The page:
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ARS Home » Midwest Area » Peoria, Illinois » National Center for Agricultural Utilization Research » Mycotoxin Prevention and Applied Microbiology Research » Research » Publications at this Location » Publication #381690

Research Project: Improving Food Safety by Controlling Mycotoxin Contamination and Enhancing Climate Resilience of Wheat and Barley

Location: Mycotoxin Prevention and Applied Microbiology Research

Title: Conspecific leaf litter induces negative feedbacks in Asteraceae seedlings

item ZARET, MAX - University Of Minnesota
item BAUER, JONATHAN - Miami University - Ohio
item CLAY, KEITH - Tulane University
item Whitaker, Briana

Submitted to: Ecology
Publication Type: Peer Reviewed Journal
Publication Acceptance Date: 7/23/2021
Publication Date: 10/8/2021
Citation: Zaret, M.M., Bauer, J.T., Clay, K., Whitaker, B.K. 2021. Conspecific leaf litter induces negative feedbacks in Asteraceae seedlings. Ecology. 102(12). Article e03557.

Interpretive Summary: The plant microbiome, including pathogens and beneficial microbes, can have direct impacts on plant health and productivity, such as growth and yield, but can also have indirect impacts on plant-plant competition. The indirect effects of soil pathogens and mutualists has been well studied in wild plant systems, but less work has been done on aboveground pathogens and mutualists colonizing leaves, leaf litter, and stems. Researchers discovered that microbes in leaf litter can indirectly impact plant-plant competition for 6 out of 10 species tested. These results indicate that the indirect effects of pathogens and mutualists in the aboveground parts of plants are pervasive and important determinants of plant interactions in the wild, similar to the importance of soil microbes.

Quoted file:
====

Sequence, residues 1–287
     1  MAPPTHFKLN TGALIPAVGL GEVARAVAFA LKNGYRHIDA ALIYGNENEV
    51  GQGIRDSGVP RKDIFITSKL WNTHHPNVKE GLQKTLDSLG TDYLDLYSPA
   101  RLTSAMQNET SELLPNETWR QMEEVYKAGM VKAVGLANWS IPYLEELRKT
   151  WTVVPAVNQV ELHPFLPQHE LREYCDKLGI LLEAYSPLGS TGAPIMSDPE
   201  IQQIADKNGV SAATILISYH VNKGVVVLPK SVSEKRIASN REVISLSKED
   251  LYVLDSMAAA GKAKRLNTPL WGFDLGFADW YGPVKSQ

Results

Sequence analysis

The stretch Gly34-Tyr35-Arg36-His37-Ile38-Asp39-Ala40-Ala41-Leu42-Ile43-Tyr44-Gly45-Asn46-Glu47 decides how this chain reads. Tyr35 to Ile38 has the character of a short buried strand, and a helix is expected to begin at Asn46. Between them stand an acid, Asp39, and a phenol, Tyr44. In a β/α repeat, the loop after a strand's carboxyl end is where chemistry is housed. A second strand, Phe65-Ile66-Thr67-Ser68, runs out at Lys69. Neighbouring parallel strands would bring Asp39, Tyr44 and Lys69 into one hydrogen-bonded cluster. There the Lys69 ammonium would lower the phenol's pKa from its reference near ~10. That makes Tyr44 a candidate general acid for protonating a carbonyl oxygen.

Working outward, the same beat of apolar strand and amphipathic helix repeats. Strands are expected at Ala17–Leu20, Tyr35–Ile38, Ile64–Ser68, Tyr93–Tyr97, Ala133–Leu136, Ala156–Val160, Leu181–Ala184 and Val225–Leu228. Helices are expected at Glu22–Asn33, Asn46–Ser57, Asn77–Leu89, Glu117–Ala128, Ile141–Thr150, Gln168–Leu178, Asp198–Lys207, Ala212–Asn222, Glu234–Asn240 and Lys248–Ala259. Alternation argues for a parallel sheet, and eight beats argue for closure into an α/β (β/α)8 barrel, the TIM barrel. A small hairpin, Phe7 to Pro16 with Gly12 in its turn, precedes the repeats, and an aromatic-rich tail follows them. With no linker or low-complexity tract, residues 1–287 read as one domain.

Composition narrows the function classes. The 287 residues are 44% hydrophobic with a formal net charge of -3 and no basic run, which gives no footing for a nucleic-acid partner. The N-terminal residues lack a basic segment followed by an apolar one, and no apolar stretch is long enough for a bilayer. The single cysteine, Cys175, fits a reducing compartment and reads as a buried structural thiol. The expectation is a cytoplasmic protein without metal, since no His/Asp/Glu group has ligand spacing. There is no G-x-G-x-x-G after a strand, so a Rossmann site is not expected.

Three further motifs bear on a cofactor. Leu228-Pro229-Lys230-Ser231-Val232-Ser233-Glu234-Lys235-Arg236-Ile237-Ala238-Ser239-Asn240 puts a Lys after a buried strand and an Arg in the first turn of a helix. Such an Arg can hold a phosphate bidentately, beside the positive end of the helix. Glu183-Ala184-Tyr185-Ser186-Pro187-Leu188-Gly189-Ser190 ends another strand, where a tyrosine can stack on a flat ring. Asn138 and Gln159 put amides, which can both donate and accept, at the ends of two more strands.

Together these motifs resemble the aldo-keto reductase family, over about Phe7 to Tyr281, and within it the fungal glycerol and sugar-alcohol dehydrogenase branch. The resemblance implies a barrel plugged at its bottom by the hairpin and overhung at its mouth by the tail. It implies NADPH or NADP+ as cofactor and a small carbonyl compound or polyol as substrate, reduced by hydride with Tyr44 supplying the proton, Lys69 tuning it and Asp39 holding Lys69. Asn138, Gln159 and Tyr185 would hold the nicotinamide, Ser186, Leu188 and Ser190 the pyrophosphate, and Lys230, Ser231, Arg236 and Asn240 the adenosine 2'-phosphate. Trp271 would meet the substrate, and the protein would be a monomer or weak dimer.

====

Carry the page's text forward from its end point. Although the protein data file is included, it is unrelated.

Technical Abstract: The plant soil feedback (PSF) framework has been instrumental in understanding the impacts of soil microbes on plant fitness and species coexistence. PSFs develop when soil microbial communities are altered due to the identity and density of a particular plant species, which can then enhance or inhibit the local survival and growth of that plant species as well as different plant species. The recent extension of the PSF framework to aboveground microbiota, termed here as plant phyllosphere feedbacks (PPFs), can also help to determine the impact of aboveground microbes on plant fitness and species interactions. However, experimental tests of PPFs during early plant growth are nascent and the prevalence of PPFs across diverse plant species remains unknown. Additionally, it is unclear whether plant host characteristics, such as functional traits or phylogenetic distance, may help to predict the strength and direction of PPFs. To test for the prevalence of litter-mediated PPFs, recently senesced plant litter from 10 native Asteraceae species spanning a range of life history strategies was used to inoculate seedlings of both conspecific and heterospecific species. We found that exposure to conspecific litter significantly reduced the growth of four species relative to exposure to heterospecific litter (i.e., significant negative PPFs), three species experienced marginally significant negative PPFs, and the PPF estimates for all 10 species were negative. However, neither plant functional traits, nor phylogenetic distance were predictive of litter feedbacks across plant species pairs, suggesting that other mechanisms or traits not measured may be driving conspecific negative PPFs. Our results indicate that negative, litter-mediated PPFs are common among native Asteraceae species and that they may have substantial impacts on plant growth and plant species interactions, particularly during early plant growth.